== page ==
CENTRAL AFRICA BUILDING SOCIETY
ZIMSLATE QUARTZITE (PVT) LIMITED
ARMINCO INVESTMENTS (PVT) LIMITED
TINASHE ABLE CHIMANIKIRE
BEAVER PAMHIDZAI CHIMANIKIRE
MOHMED IQBAL MAHMED
HIGH COURT OF ZIMBABWE
HARARE, 28 September 2015, 23 November 2015
20 January 2016
R Moyo, for the plaintiff
O Takaendesa, for the 1st defendant
R Bwanali, for the 2nd – 4th defendants
E Samukange, for the 5th defendant
MTSHIYA J: On 13 November 2013, the plaintiff issued summons against the defendants for the following relief:
“(a) Payment of US$324 815.49 plus interest thereon at the rate of 20% per annum from the 24th of October 2013 such interest calculated monthly in advance on the said sum and capitalized to date of payment in full;
(b) Costs of suit at legal practitioner and client scale.
(c) A declaration that the immovable property being a certain piece of land situate in the district of Marandellas called Stand 130 Marandellas Township, measuring 3, 1474 hectares held by 2nd Defendant under Deed of Transfer number 4905/2002 be declared executable in the recovery of the sums claimed in this matter”.
The above amount, demanded by the plaintiff, arose from a loan facility granted in favour of the first defendant, who at all material times was represented by its director, the third defendant.
On 25 July 2011 the first defendant applied for a loan of US$280 000.00 from the plaintiff. The loan was not immediately granted but for it to be granted the second, third, fourth and fifth defendants stood as sureties and co-principal debtors. The second defendant also executed a mortgage bond over its immovable property, namely, stand 130 Marandellas Township, measuring 3,1471 hectares, as security for the said loan.
In addition to the amount of US$28 000.00 applied for, there was also a contingent amount of US$56 000.00 and hence the total sum of US$336 000.00.
The in duplum schedule provided by the plaintiff shows that the amount applied for was indeed advanced to the first defendant. This is not denied but the first defendant argues that the money it received was not the loan it had applied for but a bridging overdraft facility granted to him by the plaintiff’s senior management after the delay in the processing of the loan he had applied for. Furthermore the first defendant argued that it did not agree with the loan terms as presented to it by the plaintiff in its offer of 5 October 2011, leading to it refusing to sign the loan papers. In short the first defendant’s position is that it never entered into any loan agreement with the plaintiff. However, first defendant accepts owing the plaintiff some money but in the form of an overdraft facility.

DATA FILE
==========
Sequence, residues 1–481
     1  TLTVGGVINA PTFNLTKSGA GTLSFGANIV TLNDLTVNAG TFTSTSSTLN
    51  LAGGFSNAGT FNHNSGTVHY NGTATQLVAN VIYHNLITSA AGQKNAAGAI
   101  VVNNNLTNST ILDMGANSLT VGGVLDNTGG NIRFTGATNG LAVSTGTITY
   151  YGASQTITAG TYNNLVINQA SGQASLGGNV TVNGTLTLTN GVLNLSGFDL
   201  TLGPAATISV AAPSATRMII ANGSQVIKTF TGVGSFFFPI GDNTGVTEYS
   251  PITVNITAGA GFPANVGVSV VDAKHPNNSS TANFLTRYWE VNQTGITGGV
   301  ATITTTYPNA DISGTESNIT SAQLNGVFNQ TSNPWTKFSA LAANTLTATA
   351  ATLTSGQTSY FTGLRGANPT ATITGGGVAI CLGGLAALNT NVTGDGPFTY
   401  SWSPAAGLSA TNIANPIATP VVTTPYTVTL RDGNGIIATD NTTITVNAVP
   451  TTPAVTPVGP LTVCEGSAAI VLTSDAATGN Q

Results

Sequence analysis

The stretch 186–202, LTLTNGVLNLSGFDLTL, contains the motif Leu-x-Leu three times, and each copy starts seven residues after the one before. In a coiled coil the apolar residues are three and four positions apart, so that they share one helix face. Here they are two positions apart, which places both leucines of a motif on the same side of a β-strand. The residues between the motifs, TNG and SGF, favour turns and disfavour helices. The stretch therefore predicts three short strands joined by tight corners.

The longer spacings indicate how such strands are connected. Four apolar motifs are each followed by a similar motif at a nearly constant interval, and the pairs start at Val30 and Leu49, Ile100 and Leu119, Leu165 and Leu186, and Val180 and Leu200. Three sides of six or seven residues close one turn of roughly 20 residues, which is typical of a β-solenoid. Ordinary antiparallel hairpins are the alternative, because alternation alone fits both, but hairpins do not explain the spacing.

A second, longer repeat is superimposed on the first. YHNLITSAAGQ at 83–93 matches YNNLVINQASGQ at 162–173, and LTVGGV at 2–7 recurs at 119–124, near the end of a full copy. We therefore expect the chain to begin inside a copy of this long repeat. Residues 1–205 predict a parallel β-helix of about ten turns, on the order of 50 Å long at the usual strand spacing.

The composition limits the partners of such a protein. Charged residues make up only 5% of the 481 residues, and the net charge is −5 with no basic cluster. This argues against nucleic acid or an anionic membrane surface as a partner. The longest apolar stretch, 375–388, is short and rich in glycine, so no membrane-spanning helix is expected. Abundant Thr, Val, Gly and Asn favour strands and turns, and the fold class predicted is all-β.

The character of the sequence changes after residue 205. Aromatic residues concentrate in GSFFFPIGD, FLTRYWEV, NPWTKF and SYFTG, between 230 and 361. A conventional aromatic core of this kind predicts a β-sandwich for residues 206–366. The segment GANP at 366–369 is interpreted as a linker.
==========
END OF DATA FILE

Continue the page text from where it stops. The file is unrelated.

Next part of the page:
At the commencement of the trial, the plaintiff withdrew its claim against the fourth defendant who is late. It was also agreed that the bundles of documents from the plaintiff, the first to third and fifth defendants be admitted as exh(s) ‘A’, ‘B’ and ‘C’ respectively.
The plaintiff led evidence from Petrus Marthinus Koen (Koen) who is its Head of the Platinum Club, which club he described as an exclusive department in the plaintiff catering for high earned clients.
Koen testified that members of the Platinum Club are given preferential treatment and enjoy various favourable privileges. The first, second and third defendants were members of the Platinum Club. He confirmed that the plaintiff’s application for a loan was accepted and that the plaintiff started withdrawing money from the loan account as from 7 October 2011. He went further to state that although the first defendant did not sign the actual offer of a loan from the plaintiff, the other documents (i.e. sureties and mortgage bond) were executed for the security of the loan. The witness said he did not know the reason why the first defendant never signed the offer letter. However, he confirmed that the surety documents in respect of the loan were signed. In his evidence, he went on to say:
“We knew the Platinum Club member so we allowed withdrawals before formalities. We had platinum Accounts for 1st, 2nd and 3rd defendants. These are people recognised as important to CABS and we extend special privileges where business can be conducted.”
The witness said although the fifth defendant resigned from the directorship of the plaintiff, his request for the revocation of the surety agreement he signed on 18 October 2011 was refused. Koen said the terms of the loan, incorporated in the Mortage Bond, were final. The plaintiff closed its case after Koen’s evidence.
The first and second defendants testified through one witness namely, Tinashe Able Chimanikire, (Chimanikire), the third defendant, who also testified on his own behalf. It is common cause that the third defendant is the proprietor of the first and second defendants.